Marathon, FL—The Florida Keys Mosquito Control District (FKMCD) approved the first-ever U.S. release of genetically engineered [GE] mosquitoes.
The GE mosquitoes, a strain of transgenically modified Aedes aegypti, are designed to kill the wild strain, which can transmit yellow fever, dengue, chikungunya, and Zika fevers.
Board members rejected the proposal for a referendum on November’s ballot, which would have asked Monroe County residents to vote on whether to accept or reject the GE mosquito trial.
The public forum on Oxitec’s recent permit application garnered 31,174 comments opposing release and 56 comments in support.
Community members asked the FKMCD to reject the field trial application, pointing out the lack of data demonstrating that Oxitec’s mosquitoes will be safe and effective, the likelihood that biting females will be released, thus putting humans and animals at risk, and the lack of free and prior informed consent of people living in the area.
Dana Perls, food and technology Program Manager at Friends of the Earth said, “This approval is about maximizing Oxitec’s profits, not about the pressing need to address mosquito-borne diseases.”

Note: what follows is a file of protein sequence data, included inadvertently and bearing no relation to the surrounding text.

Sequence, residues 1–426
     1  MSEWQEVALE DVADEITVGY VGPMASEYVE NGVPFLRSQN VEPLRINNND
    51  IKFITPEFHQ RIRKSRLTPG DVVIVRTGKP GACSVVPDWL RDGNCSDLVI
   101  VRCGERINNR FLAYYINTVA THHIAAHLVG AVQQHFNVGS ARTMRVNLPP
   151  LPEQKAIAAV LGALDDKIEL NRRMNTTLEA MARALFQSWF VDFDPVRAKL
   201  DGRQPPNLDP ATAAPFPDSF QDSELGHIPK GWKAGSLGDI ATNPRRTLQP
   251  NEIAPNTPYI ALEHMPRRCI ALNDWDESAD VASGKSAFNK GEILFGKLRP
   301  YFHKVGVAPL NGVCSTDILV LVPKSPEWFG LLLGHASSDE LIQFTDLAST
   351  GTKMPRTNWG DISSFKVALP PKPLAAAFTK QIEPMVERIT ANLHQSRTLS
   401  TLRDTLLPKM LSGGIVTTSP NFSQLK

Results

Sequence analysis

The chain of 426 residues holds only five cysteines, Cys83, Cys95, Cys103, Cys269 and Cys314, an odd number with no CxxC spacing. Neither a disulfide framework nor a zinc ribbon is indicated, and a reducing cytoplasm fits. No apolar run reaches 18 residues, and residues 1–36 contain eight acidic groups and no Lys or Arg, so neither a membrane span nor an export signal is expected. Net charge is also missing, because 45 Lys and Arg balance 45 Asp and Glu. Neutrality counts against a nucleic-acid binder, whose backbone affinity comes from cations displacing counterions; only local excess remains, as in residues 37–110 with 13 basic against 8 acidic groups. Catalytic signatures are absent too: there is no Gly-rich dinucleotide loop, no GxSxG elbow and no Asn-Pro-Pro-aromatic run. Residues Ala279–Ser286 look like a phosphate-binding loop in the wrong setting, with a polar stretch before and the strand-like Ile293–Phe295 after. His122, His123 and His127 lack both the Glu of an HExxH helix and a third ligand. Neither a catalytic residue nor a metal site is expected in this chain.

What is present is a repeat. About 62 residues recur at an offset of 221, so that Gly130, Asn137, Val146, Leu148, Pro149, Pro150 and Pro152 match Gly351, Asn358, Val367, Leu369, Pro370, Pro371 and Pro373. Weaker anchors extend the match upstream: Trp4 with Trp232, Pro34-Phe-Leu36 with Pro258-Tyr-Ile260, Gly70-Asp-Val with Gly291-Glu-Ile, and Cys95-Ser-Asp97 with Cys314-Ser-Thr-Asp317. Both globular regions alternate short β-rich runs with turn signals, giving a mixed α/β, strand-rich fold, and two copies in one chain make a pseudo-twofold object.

Scientists have raised concerns that GE mosquitoes could create hybrid wild mosquitoes which could worsen the spread of mosquito-borne diseases and which may be more resistant to insecticides than the original wild mosquitoes.
Environmental groups worry that the spread of the genetically modified male genes into the wild population could potentially harm threatened and endangered species of birds, insects, and mammals that feed on the mosquitoes.
Oxitec has field-trialed their GM mosquitoes in Brazil, the Cayman Islands, Malaysia and Panama. In Brazil, researchers from the Powell lab at Yale University confirmed that the mosquito’s engineered genes spread into wild populations of mosquitoes.
In Brazil, people reportedly complained of being forced to breathe in and eat mosquitoes.
Genetic sampling from the target population 6, 12, and 27–30 months after releases commenced provided evidence that portions of the transgenic strain genome have been incorporated into the wild population.
Evidently, rare viable hybrid offspring between the release strain and the wild population are sufficiently robust to be able to reproduce in nature.
Under laboratory conditions, 3%–4% of the offspring from matings of OX513A with wild type do survive to adulthood although they are weak and it is not known if they are fertile.